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2006 Mercedes-Benz E-Class

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2006 Mercedes-Benz E-Class
Available in 10 styles:  2006 Mercedes-Benz E350 4dr AWD 4MATIC Wagon shown
Asking Price Range
Estimated MPG

15–27 city / 20–37 hwy


    Expert Reviews 1 of 3
2006 Mercedes-Benz E-Class 4.3 31
$ 4,578-15,442
October 3, 2005
Vehicle Overview
Mercedes-Benz introduced a new generation of its midsize E-Class sedan for 2003. A 221-horsepower, 3.2-liter V-6 powered the E320, while the E500 got a 302-hp V-8.

A high-performance E55 AMG model with a 469-hp supercharged V-8 is also available. A wagon body style is offered, and E-Class models can be equipped with rear-wheel drive or 4Matic all-wheel drive. The E-Class is slotted between the German automaker's smaller C-Class and top-rung S-Class.

Sport versions of the sedan and wagon are available, and rear-drive E500 models gained a seven-speed-automatic transmission for 2004. Bi-xenon active headlights are available.

For the 2006 model year, a new E350 series with a 268-hp, 3.5-liter V-6 replaces the E320. Active front head restraints are newly standard. New 17-inch wheels are installed on E350 and E500 models.

Mercedes-Benz added an E320 CDI sedan with a diesel engine for 2005.
(Skip to details on the: E320 CDI)

Moved to a new platform for 2003, the E-Class sedan displays more flowing lines than its predecessor and sports a lower, swept-back front end. Oval headlights are angled back more sharply, and a sculpted trunk replaced the former squared-off profile. The front fenders, hood, trunk lid and bolted-on frame members are made of aluminum.

An Airmatic air suspension is standard on the E500 and E55 AMG and optional on the E350. An AMG Sport Package for the E350 and E500 includes sculpted front and rear aprons and staggered-width 18-inch wheels. An Appearance Package for the E350 and E500 includes sculpted side skirts and active-curve headlights.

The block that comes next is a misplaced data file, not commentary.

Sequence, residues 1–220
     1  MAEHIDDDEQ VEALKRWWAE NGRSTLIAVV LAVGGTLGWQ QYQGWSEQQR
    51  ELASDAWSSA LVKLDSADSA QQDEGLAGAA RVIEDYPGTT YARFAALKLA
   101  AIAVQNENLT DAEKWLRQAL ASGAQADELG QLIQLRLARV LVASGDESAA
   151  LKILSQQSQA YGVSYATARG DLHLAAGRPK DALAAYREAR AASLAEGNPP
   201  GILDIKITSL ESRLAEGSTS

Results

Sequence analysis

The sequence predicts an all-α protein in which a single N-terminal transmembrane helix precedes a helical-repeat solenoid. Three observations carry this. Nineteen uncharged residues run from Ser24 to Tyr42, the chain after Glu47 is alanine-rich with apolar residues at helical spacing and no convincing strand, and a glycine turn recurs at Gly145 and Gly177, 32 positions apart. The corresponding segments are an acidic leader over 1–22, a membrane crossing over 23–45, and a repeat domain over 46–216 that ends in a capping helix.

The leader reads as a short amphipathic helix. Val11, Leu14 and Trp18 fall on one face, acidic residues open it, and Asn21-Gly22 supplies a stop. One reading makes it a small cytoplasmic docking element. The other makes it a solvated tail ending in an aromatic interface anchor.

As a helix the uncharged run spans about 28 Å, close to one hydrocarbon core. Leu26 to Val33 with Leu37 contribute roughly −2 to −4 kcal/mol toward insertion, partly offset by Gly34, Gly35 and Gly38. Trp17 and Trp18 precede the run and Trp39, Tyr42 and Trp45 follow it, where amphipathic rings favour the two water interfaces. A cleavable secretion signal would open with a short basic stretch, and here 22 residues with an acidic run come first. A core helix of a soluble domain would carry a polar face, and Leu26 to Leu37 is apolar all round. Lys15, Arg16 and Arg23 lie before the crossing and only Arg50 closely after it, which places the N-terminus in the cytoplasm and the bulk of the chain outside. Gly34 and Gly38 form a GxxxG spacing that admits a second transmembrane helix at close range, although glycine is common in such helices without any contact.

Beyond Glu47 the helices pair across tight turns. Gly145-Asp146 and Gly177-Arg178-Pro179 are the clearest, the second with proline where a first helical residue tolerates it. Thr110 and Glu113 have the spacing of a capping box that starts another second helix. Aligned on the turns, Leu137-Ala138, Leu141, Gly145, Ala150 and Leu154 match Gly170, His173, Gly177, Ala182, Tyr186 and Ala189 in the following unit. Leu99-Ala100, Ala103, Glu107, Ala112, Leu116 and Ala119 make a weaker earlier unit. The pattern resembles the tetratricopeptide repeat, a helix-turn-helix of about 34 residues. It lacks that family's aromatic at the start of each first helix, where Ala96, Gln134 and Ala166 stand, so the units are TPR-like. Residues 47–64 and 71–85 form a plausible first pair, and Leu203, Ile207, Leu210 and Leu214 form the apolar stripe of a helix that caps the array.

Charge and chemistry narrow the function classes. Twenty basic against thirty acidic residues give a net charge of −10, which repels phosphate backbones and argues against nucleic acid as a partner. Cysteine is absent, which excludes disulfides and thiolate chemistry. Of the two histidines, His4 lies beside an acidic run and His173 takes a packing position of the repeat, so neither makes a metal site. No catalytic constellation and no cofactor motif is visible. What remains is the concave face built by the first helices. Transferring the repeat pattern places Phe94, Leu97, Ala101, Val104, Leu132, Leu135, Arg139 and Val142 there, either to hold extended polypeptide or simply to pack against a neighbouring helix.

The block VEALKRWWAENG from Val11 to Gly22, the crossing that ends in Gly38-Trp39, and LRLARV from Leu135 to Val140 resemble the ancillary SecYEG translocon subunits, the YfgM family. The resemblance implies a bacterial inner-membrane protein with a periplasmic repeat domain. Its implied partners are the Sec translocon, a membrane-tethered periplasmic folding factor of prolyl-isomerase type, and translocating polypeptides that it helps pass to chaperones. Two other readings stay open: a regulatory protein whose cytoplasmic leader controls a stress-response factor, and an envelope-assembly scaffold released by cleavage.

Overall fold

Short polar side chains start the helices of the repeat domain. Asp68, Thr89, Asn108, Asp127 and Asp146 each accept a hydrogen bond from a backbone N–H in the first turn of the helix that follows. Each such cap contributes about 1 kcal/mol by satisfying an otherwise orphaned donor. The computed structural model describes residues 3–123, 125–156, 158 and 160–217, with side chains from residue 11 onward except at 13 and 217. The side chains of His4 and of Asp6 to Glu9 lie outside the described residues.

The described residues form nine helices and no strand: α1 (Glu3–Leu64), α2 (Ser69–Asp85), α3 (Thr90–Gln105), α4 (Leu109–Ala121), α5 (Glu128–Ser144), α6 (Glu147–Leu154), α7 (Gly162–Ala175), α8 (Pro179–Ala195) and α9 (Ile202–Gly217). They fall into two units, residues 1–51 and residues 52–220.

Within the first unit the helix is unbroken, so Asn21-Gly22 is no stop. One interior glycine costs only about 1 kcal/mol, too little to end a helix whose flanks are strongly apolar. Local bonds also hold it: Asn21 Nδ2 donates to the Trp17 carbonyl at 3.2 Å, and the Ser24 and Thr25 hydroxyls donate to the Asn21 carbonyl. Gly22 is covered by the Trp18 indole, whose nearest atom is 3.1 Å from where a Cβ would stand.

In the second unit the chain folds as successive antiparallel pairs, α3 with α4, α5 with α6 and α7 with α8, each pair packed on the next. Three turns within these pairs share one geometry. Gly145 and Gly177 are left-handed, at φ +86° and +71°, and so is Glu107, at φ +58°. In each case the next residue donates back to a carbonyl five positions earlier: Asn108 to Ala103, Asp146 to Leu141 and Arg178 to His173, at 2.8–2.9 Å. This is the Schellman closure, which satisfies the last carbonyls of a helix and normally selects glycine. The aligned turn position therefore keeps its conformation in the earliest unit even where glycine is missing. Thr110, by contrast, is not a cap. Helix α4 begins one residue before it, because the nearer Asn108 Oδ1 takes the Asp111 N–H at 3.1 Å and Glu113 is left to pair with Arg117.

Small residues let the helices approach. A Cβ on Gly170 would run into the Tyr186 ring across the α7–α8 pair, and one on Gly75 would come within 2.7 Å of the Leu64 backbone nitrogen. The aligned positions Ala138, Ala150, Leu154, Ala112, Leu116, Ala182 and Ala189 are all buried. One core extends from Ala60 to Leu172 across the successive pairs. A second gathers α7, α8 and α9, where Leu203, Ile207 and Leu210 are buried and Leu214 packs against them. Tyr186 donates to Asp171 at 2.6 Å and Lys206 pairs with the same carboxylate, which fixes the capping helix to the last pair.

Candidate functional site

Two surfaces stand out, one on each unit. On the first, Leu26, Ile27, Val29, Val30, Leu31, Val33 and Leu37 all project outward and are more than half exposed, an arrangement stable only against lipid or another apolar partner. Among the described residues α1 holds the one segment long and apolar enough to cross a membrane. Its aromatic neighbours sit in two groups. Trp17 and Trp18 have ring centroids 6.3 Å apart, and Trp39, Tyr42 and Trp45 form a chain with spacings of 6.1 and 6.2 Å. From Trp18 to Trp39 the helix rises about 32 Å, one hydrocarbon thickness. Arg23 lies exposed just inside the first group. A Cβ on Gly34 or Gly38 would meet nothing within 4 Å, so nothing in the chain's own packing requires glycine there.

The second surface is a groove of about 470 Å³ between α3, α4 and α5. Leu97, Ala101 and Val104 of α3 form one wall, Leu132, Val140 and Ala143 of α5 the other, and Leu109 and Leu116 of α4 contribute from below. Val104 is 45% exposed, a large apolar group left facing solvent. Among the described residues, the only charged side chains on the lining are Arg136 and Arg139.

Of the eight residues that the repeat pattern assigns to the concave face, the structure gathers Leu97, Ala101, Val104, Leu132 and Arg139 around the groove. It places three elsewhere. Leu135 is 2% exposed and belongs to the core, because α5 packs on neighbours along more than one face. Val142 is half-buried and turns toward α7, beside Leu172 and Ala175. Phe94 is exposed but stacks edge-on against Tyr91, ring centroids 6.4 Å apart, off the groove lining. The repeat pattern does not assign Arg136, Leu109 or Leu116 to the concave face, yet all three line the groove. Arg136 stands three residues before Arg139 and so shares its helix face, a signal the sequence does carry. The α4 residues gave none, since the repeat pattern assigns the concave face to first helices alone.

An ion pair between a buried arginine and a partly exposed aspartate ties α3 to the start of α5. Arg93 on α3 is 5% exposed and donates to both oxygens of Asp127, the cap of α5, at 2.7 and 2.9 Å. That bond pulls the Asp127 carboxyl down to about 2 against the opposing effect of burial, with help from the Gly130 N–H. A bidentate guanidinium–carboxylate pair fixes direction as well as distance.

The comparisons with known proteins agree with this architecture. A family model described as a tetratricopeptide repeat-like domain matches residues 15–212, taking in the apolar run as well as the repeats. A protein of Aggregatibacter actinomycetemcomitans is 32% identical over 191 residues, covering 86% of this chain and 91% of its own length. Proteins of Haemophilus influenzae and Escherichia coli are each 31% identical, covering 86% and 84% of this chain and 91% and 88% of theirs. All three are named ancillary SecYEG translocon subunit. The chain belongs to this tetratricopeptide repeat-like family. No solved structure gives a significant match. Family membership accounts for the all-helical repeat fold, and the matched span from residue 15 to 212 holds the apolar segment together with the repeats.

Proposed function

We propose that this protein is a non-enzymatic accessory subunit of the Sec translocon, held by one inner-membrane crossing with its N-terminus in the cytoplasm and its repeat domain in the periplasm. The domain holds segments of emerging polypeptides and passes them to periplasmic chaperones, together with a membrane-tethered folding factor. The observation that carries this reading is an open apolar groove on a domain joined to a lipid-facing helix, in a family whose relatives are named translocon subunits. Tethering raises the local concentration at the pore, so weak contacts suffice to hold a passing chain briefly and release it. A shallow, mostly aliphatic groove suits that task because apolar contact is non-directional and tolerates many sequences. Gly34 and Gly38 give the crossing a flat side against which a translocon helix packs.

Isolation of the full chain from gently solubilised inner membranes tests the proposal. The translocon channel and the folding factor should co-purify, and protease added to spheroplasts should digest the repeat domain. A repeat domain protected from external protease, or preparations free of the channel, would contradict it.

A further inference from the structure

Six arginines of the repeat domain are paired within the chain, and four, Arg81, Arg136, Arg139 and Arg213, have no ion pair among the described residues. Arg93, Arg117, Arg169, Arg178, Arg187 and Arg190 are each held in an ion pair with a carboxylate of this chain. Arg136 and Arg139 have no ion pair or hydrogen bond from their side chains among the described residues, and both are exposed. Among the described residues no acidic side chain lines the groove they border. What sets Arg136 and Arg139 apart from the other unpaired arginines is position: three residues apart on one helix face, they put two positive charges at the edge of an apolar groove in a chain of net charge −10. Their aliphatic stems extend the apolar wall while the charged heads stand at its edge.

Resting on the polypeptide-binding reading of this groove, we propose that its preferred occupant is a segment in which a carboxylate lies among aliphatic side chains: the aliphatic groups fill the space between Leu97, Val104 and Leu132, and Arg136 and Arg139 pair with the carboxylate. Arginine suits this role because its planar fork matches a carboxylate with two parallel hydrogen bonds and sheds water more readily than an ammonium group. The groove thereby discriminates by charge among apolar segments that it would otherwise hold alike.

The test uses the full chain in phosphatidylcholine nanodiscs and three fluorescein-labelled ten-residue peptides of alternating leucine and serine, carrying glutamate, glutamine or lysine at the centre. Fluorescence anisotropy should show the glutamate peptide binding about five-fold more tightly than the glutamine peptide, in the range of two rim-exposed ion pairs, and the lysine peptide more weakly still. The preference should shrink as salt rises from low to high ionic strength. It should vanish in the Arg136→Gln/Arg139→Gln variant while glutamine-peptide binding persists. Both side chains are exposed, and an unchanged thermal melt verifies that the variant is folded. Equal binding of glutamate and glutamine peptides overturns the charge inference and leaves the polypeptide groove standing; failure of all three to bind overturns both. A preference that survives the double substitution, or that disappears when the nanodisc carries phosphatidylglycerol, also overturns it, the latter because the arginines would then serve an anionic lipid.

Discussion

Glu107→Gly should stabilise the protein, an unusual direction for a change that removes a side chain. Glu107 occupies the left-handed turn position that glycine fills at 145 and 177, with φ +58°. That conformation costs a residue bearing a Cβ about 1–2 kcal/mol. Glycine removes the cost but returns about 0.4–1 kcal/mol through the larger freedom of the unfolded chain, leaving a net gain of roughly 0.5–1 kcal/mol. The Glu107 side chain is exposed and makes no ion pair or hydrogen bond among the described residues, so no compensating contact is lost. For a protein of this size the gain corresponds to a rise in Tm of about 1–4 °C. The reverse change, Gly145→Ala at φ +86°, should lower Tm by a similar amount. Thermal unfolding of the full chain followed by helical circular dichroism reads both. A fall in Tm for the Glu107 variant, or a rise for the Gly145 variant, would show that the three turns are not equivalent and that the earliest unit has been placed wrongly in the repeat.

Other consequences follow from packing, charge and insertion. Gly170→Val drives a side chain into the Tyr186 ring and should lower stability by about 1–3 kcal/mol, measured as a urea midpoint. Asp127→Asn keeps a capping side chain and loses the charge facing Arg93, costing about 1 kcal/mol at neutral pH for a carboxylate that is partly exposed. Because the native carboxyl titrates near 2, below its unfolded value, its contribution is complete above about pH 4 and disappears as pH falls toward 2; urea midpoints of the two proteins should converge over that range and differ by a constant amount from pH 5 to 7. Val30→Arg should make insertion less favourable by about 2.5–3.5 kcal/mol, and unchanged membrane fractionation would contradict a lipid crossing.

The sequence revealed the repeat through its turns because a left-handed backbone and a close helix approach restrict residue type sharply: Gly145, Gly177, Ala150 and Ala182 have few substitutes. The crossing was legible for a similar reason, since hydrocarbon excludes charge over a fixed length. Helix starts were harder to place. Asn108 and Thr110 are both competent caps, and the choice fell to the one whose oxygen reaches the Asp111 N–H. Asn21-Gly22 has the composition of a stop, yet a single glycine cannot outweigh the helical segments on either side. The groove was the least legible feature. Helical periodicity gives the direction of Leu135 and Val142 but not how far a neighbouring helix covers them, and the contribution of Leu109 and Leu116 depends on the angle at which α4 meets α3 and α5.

Front-seat occupants in the five-passenger interior face a V-shaped console. Standard equipment includes a power tilt/telescoping steering wheel and Mercedes' COMAND instrument panel system. A navigation system is optional. Four-zone automatic climate control goes into the E500.

Under the Hood
The new E350 gets a 268-hp, 3.5-liter V-6, while the E500 packs a 5.0-liter V-8 that cranks out 302 hp and 339 pounds-feet of torque. The supercharged 5.5-liter V-8 in E55 AMG models delivers 469 hp and 516 pounds-feet of torque. In the E320 CDI sedan, a 3.2-liter inline-six-cylinder diesel produces 201 hp and 369 pounds-feet of torque. The rear-drive E350 and E500 use a seven-speed-automatic transmission, but other models have a five-speed automatic.

Sensotronic brake control, which is a brake-by-wire system, promises faster, more surefooted emergency response. Antilock brakes and Mercedes-Benz's Electronic Stability Program are standard. Adaptive front airbags deploy at a lower force in less-severe collisions. Side-impact and side curtain-type airbags are standard.

Driving Impressions
Civility reigns behind the wheel of the E-Class. Everything about this car is smooth and luxurious.

The redesigned 2003 E-Class lost most of the heavy feel that was unpleasantly noticeable on previous models. The refined E500 delivers lively acceleration whether it's starting from a standstill, passing or merging. Trimmed in beautiful wood, the dashboard layout is a little too complicated for some people, and the tachometer should be a bit larger.

Consumers seeking stunning four-door performance need not search any further than the E55 AMG, which responds to the throttle like a supercar and has taut handling to match. Few cars of this caliber are so satisfying overall.

E320 CDI
After a five-year absence, diesel power returned to a Mercedes-Benz model sold in the U.S. for 2005. Americans have shunned diesels, citing such drawbacks as noise and odors.

With the E320 CDI sedan, Mercedes-Benz claimed to have overcome those negative factors, though emissions remain an obstacle until improved diesel fuel emerges. The E320 CDI meets the emissions requirements of 45 states.

Mercedes-Benz claims the turbocharged E320 CDI can accelerate from zero to 60 mph in 6.6 seconds — slightly faster than the gasoline-powered E320 — yet it earns an Environmental Protection Agency-estimated 27 mpg in city driving and 37 mpg on the highway. Except for the lack of optional Sport and Appearance packages, the E320 CDI's equipment is the same as its gasoline-powered E-Class siblings.

Not only does the diesel engine start normally in the E320 CDI, but it's also difficult to discern that you're riding in a diesel-powered sedan. A slight engine rattle might be heard occasionally, but the car is generally quiet. Acceleration is smooth and effortless, if less dramatic than in a gasoline-powered automobile. No odors are evident. You can expect more than 30 mpg on the highway. Approaching the 37-mpg estimate demands a gentle throttle foot and careful attention to traffic flow. Back to top

    Expert Reviews 1 of 3

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